The present inventions involve the incorporation of a solid photopolymer cap into a liquid photocurable printing element (i.e., a photocurable printing plate). Specifically, the inventions relate to a process for making a printing plate from a photocurable element having at least two distinct layers--one of which is a solid--comprising: exposing the photocurable element to actinic light, through a photographic negative. The photocurable elements to be used in accordance with the invention can include one or more liquid layers. In preferred embodiments, the elements vary in thickness from about 0.025 inches to about 0.25 inches and have dimensions up to about 52 inches to about 80 inches. As shown in FIG. 1, a preferred photocurable element 10 comprises a backing sheet 20, at least one liquid photocurable layer 18, a solid photocurable layer 14, defined as the cap, and an optional cover sheet layer 12 for protection of a photographic negative.

According to the method of the invention, a solid photocurable cap is placed over a photographic negative. The solid photocurable cap comprises a solid photopolymerizable resin layer comprising at least one solid photopolymerizable resin and generally has a thickness of from about 0.003 to 0.014 inches. Preferably, the chemical composition of the solid photopolymerizable resin layer is such that the uncured solid polymer is able to be developed, i.e., removed by an aqueous solution comprising a surfactant. Such polymers are generally amine-containing, i.e., polyurethane-(meth)acrylates, and are described in detail in U.S. Pat. Nos. 5,554,712, 5,364,741, and 5,328,805, all to Huynh-Tran et al., the disclosures of which are incorporated herein by reference.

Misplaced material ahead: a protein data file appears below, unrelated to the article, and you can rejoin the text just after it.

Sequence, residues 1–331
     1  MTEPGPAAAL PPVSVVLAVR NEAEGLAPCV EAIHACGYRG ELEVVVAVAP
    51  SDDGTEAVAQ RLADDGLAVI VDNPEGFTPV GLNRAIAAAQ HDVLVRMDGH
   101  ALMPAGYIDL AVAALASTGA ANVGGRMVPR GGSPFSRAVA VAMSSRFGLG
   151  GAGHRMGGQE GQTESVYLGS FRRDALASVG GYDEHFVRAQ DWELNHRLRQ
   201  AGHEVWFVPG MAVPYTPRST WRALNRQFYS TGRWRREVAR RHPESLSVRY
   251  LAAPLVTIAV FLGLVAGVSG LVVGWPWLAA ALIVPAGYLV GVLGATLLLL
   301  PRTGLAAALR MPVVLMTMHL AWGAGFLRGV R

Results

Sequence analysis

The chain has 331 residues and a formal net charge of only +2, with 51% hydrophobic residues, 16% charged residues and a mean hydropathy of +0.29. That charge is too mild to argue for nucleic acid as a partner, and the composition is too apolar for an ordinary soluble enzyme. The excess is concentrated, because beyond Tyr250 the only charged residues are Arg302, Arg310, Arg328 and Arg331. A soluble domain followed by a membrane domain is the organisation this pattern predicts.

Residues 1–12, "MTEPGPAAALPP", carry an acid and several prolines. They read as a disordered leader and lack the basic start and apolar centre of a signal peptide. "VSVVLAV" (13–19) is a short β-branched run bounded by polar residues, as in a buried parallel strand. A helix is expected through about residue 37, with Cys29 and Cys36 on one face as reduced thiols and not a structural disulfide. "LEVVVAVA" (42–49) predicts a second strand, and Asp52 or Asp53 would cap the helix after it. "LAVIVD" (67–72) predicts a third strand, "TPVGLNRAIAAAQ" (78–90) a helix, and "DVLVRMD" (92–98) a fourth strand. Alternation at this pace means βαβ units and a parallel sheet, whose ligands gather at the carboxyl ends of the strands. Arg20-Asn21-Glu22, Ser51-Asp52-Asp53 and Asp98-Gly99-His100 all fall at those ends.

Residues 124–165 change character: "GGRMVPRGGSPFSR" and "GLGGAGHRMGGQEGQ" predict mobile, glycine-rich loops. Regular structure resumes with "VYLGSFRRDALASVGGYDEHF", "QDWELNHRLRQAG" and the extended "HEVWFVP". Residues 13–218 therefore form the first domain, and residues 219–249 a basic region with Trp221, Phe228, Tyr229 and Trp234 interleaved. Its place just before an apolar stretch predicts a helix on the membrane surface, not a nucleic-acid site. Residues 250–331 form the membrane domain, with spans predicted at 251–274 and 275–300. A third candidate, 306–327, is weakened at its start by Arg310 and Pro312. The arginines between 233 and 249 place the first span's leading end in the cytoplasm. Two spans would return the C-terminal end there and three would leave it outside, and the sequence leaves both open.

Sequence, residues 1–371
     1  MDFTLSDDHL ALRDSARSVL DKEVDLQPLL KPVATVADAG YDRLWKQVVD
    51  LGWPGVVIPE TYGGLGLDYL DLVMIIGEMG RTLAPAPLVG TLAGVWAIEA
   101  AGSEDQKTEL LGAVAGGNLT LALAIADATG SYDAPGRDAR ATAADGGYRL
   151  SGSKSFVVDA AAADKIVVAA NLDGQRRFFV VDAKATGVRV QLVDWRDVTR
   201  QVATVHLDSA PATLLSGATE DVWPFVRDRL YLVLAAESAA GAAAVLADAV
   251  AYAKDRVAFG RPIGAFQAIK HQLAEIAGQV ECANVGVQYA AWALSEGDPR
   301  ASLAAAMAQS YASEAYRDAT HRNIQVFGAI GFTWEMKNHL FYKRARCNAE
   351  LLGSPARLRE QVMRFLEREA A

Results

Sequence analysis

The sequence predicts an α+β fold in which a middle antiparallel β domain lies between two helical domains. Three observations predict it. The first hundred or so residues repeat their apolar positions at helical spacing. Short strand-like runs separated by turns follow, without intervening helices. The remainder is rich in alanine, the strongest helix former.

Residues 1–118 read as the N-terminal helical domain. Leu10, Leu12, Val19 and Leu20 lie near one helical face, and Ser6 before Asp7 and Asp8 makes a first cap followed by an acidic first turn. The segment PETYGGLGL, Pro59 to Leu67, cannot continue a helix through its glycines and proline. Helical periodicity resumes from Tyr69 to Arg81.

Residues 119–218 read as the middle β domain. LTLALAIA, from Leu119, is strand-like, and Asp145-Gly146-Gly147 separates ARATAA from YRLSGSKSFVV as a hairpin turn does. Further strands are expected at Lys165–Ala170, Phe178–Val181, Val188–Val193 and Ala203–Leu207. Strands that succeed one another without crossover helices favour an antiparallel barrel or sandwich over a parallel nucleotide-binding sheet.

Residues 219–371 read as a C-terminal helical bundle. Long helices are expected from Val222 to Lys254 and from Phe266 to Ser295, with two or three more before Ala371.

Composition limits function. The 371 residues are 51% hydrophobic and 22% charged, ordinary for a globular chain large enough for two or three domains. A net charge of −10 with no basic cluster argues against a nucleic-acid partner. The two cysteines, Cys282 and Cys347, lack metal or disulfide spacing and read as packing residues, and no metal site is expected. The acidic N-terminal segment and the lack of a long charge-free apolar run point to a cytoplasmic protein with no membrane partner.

More preferably, polyvinyl pyrrolidone (PVP) is added to the solid photopolymerizable resin (in solution) such that the ratio of solids of PVP to photopolymerizable resin is about 1:1 parts by weight. Even more preferably, the PVP added to the solid photopolymerizable resin has a weight average molecular weight of about 360,000 as determined by gel permeation chromatography and the ratio of solids of PVP to photopolymerizable resin is about 1:1 parts by weight.

The addition of PVP greatly enhances water washability of the uncured solid cap in a water/surfactant solution. Without the addition of PVP to the solid photopolymerizable resin, the resultant plate is alternatively developed in a dilute solution of a weak organic acid, for example, acetic acid or lactic acid.

In a preferred embodiment, the solid photocurable cap includes an optional transparent cover film layer that can be interposed between the cap and a photographic negative. Preferably, the cover film is flexible and formed from polyester. Representative cover films include the FLEXCOVER and FLEXCOVER M products sold by Polyfibron Technologies, Inc., Atlanta, Ga.

Once the cover film-containing cap is placed over an image bearing photographic negative, the flexographic printing plate is made according to conventional practices in the multilayer liquid photopolymer printing plate art. According to these conventional practices, at least one layer of liquid photopolymer is then dispensed over the solid cap at the desired thickness and the backing sheet is placed over the outermost liquid layer (if more than one) to form the element.

More specifically, the liquid photocurable layer, which generally has a thickness of about 0.030 to about 0.250 inches, is chosen for its compatibility with the solid photocurable resin layer such that after the curing process, the liquid and solid layers remain distinct entities yet bond together tightly enough (without the aid of an adhesive) that the layers will not separate or fracture during the printing process.